— The Guardian, “What do we know about the new ‘worst ever’ Covid variant?” Nov. 25, 2021
Meanwhile, the lead story in The Washington Post overnight ran under the headline, “As cases climb in Americas, health agency warns Europe’s covid surge could be ‘window into the future.’”
And it went on to quote Carissa F. Etienne, who’s director of the Pan American Health Organization. During a Wednesday briefing, she said:
Time and again, we’ve seen how the infection dynamics in Europe are mirrored here several weeks later. The future is unfolding before us, and it must be a wake-up call for our region because we are even more vulnerable.”
— The Washington Post, “As cases climb in Americas, health agency warns Europe’s covid surge could be ‘window into the future’,” Nov. 25, 2021
What this might mean for mortgage rates
As I’ve noted several times recently, all the forces that have been pushing mortgage rates higher over recent months have been based on the current, impressive economic recovery. And that’s been reliant on the dwindling effects of the COVID-19 pandemic.
If we see a significant resurgence in COVID-19 over the winter, mortgage rates may well fall. And, if that resurgence includes a new, deadlier coronavirus variant that proves resistant to vaccines, those rates might tumble, perhaps to new all-time lows.
But don’t get too scared about the economy or too hopeful about lower mortgage rates yet. Scientists are still in the earliest stages of their investigations into B.1.1.529. And it may prove much less worrying than they currently fear.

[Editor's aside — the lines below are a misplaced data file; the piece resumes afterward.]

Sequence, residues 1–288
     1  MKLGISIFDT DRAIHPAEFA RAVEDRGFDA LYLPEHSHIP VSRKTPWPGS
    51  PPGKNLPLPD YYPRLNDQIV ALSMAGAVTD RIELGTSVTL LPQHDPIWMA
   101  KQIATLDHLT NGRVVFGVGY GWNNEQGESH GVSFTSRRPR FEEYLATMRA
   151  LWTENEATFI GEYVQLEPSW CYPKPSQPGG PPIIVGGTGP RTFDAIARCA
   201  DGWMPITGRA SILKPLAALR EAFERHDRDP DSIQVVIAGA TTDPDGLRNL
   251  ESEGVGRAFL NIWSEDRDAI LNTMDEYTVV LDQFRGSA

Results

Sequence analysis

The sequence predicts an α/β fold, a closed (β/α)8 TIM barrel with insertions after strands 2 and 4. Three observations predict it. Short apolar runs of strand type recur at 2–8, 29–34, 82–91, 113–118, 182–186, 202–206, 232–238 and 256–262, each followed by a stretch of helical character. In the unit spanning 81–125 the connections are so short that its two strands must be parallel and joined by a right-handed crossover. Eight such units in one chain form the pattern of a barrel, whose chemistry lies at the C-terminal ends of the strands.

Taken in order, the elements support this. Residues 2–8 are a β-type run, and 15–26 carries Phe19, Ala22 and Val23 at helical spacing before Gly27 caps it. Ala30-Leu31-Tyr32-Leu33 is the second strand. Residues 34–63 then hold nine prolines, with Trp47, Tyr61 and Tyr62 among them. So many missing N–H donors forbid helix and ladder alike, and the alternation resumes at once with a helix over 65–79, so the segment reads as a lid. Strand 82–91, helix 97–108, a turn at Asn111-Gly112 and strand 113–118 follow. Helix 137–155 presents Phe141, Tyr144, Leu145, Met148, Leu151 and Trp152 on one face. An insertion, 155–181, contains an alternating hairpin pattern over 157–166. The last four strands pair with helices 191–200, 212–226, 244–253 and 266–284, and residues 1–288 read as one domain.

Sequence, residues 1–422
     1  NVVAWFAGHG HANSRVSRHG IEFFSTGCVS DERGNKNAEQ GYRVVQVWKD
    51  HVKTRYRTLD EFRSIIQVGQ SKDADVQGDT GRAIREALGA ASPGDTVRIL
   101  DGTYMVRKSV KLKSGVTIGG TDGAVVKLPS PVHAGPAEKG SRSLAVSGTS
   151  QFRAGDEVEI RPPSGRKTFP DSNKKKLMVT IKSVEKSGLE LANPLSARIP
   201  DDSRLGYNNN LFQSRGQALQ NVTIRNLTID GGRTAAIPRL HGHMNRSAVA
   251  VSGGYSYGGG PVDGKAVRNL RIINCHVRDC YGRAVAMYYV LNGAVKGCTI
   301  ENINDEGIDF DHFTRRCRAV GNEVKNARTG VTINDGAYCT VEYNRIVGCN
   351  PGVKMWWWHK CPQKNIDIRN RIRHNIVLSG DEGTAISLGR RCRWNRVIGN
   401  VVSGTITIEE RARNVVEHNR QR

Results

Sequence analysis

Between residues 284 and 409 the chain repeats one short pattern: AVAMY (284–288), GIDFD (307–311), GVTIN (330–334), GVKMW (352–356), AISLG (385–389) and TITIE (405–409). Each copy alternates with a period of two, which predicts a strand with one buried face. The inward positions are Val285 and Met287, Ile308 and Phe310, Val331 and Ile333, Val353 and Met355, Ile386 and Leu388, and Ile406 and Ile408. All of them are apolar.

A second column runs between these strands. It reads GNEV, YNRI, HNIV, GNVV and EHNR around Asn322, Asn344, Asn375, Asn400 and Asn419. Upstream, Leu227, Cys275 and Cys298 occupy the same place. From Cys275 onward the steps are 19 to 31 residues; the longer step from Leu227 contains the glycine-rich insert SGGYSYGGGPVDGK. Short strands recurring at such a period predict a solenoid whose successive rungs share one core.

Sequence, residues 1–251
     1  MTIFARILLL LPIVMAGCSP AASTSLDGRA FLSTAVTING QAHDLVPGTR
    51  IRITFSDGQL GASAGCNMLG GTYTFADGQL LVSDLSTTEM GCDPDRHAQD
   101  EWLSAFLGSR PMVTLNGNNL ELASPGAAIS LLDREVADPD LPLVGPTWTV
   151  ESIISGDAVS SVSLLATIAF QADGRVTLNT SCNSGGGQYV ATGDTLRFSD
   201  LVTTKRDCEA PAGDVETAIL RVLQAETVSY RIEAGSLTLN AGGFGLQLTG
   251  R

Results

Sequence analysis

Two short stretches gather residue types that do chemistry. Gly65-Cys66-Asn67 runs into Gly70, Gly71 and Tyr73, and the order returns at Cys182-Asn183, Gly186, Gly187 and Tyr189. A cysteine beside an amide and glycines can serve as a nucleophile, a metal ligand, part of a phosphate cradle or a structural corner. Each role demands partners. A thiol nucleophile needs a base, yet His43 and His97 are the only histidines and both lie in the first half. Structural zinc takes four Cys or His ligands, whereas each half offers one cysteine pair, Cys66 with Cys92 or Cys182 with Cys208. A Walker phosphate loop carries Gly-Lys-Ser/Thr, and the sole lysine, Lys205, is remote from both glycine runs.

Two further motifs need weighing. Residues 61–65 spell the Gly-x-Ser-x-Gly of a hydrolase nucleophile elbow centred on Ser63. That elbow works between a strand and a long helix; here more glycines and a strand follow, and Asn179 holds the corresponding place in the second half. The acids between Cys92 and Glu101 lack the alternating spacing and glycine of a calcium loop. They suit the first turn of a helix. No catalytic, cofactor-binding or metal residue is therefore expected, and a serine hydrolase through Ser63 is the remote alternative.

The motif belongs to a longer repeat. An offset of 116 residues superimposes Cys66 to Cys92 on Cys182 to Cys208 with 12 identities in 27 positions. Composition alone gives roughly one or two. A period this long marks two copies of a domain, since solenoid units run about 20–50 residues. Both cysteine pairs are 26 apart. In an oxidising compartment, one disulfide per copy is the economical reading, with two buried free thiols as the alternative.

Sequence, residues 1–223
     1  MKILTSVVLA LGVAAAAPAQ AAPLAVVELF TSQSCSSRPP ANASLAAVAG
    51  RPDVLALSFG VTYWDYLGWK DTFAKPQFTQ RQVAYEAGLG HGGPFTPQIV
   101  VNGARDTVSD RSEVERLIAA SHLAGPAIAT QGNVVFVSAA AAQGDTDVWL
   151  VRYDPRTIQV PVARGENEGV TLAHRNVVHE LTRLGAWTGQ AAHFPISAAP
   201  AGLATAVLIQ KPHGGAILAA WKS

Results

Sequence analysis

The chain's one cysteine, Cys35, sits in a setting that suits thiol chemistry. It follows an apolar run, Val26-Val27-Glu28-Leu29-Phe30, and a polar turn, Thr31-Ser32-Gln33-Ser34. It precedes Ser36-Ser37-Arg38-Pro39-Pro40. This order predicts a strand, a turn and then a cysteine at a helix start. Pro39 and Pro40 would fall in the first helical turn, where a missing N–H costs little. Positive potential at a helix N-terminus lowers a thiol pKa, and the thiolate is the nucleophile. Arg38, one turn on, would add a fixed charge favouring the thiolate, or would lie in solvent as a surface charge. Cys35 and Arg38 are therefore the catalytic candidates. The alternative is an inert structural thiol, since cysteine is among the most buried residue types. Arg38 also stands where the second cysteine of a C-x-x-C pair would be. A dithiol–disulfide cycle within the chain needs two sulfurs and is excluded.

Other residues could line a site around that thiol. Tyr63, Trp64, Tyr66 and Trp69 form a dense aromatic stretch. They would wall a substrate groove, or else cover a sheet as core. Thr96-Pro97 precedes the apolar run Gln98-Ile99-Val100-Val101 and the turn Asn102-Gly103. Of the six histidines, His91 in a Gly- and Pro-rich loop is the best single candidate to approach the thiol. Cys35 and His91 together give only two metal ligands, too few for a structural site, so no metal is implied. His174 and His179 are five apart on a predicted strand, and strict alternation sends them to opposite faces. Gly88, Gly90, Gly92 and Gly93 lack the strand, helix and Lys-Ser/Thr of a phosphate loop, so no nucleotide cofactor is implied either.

Meanwhile, the US economy might prove significantly more resilient to a new wave of infections than it was last winter, given the higher number (59.1%) of Americans who have been vaccinated.
In other words, watch this space.
So what happens if the B.1.1.529 variant turns out to be nothing to worry about? And if the possible winter wave of coronavirus infections turns out to cause a mere ripple in the recovery?
Well, then I’d expect mortgage rates to continue to drift gently higher, partly based on four reasons that emerged in reports on Wednesday:
- The Federal Reserve minutes showed the Fed actively considering tapering its purchases of mortgage bonds more quickly than announced
- Initial claims for unemployment insurance last week were at their lowest level since Nov. 15, 1969. That’s a 52-year low!
- Inflation measures published that day were warmer than — or as warm as — expected
- Gross domestic product (GDP) growth was robust
Each of these would normally act to push mortgage rates higher. But not if COVID-19 fears swamp markets.
You can also read last Saturday’s weekend edition for more general background.
Over much of 2020, the overall trend for mortgage rates was clearly downward. And a new, weekly all-time low was set on 16 occasions last year, according to Freddie Mac.